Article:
The Women of the Philippine Maritime Industry (Part 2) | #BinibiningMarina

Roxanne A. Mamano, 20, BS Marine Transportation

“I always dreamed of becoming a Flight Stewardess but when I was in my 10th grade, I had a change of heart. Our school decided to conduct a tour in Maritime Academy of Asia Pacific (MAAP) and that’s where it all started. I met a few cadets and they shared their experiences to us. They showed us the different instruments and equipment on board the ship and even explained the use of it. Their experiences inspired me a lot and that led to my interest in the Maritime Industry.”

“Every time someone knows that I am taking up Marine Transportation, the first thing that they ask is “What are you doing here? Why did you choose Marine Transportation as your career?”. At first, it was very discouraging for me. We all know that the majority of population in the maritime industry are men, and many people think that women have nothing to do on board ship. But as you can see the world is progressing every day and becoming more inclusive. Maritime industry has always been viewed as a job for men but I don’t think jobs should have gender barriers which is why I took the courage to take up this track. Society shouldn’t dictate our interests and dreams. There are a lot of women who fear to be in the maritime industry and for me it’s all in our mind and if you believe in yourself and if you have strong determination to pursue your dreams, we can make the impossible possible.”

“The horizon leans forward offering you space to place new steps of change.” WE CAN MAKE A CHANGE.

“Women are constantly being judged as it is said that females are “weak” but we have to break the stigma. I believe in the saying that what boys can do, girls can do better. We can even excel in doing things that they’re good at.”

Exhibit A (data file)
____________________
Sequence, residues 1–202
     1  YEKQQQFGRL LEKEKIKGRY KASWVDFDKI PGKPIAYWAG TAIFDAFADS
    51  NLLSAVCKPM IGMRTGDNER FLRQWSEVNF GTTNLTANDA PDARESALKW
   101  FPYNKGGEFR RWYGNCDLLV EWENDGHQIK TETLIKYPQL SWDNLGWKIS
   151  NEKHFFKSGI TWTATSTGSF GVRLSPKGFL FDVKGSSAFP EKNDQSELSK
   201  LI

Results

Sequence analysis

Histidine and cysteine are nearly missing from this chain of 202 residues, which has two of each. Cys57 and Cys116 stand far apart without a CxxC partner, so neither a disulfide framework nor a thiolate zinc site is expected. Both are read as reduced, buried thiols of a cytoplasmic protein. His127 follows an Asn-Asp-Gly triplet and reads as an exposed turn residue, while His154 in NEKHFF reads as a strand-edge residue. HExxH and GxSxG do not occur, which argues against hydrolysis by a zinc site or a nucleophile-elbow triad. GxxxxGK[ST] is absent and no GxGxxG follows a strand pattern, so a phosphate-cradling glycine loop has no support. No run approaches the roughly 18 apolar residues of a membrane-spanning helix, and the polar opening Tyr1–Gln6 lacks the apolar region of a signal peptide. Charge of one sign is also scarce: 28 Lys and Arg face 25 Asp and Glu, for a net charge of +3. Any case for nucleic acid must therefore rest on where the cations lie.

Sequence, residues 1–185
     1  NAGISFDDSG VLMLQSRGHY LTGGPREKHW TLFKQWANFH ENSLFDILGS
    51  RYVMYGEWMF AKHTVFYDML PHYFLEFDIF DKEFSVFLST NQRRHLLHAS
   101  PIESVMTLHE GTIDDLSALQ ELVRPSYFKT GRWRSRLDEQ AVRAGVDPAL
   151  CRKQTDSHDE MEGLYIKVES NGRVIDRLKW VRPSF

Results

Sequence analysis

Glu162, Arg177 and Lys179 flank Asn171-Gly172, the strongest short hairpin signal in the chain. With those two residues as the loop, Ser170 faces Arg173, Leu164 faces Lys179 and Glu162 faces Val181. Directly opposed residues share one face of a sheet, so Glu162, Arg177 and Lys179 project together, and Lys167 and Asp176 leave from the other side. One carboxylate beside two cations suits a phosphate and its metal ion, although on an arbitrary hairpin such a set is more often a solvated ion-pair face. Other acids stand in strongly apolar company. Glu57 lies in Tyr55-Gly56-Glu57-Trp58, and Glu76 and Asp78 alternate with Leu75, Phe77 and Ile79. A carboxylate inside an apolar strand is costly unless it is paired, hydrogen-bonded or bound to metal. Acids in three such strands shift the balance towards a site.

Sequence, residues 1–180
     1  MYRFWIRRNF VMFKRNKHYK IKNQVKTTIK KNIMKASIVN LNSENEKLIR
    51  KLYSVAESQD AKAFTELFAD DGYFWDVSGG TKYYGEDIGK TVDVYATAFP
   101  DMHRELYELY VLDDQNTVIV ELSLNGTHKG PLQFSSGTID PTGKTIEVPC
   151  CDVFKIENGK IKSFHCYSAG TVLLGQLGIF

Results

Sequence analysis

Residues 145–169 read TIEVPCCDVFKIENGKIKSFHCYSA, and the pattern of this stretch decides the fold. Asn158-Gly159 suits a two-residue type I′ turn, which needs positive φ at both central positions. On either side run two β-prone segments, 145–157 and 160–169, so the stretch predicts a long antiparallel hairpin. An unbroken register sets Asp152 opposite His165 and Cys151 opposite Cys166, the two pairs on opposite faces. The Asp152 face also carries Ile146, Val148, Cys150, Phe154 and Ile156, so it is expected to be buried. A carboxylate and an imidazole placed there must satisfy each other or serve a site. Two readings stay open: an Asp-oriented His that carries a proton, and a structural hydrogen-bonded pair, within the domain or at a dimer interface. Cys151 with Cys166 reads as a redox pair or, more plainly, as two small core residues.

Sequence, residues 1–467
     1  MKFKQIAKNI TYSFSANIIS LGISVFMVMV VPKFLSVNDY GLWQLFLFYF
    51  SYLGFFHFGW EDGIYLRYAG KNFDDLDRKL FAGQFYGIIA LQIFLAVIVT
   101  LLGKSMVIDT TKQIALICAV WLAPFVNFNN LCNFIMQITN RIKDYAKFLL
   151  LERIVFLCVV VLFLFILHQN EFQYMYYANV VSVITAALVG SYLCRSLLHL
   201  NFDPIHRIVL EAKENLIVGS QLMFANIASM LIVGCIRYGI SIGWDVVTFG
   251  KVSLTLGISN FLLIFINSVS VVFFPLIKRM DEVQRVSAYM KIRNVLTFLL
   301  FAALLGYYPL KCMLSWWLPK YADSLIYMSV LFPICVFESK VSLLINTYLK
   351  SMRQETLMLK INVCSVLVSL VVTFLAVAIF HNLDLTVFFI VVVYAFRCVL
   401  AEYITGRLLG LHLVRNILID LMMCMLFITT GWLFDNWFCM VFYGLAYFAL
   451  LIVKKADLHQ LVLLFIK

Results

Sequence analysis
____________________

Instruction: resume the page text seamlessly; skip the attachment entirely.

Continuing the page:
“What makes me proud as a female is that I’m one of those who can go against all odds. There are times that there are people who try to make me realize that I’m not capable of doing a man’s job because I’m incompetent and weak. Some of them even told me to quit but I won’t let that stop me from chasing my dreams, instead I will make it my strength and motivation to prove myself to them that I can also do better.”

“Women Empowerment for me is nurturing the strengths and capabilities of ours while giving more support to the weaknesses. It can also be about breaking the patriarchy and proving the notions that society has been labeling us, like gender barriers in jobs.”


Maryjoy Balag, 21, Bs Marine Engineering

“I took this course to prove that the maritime industry is not just for men. It is also for women like me, working on board is fulfillment to myself because I dream of working on a ship, travel for free and have a good salary to help my parents and for them to be proud of me. People working with what they love is passion. It makes them proud, complete and successful. Most women align their careers based on their character reference or capability to do something. Women in the maritime industry have skills and knowledge that are suitable for working on board. There are characteristics that a woman should have if they want to enter the world of Poseidon. We, women should have guts, fortitude and trust ourselves for us to survive the life at sea, and if we have these characteristics we are capable of working on ships with men and raise the flag of women in the maritime industry.”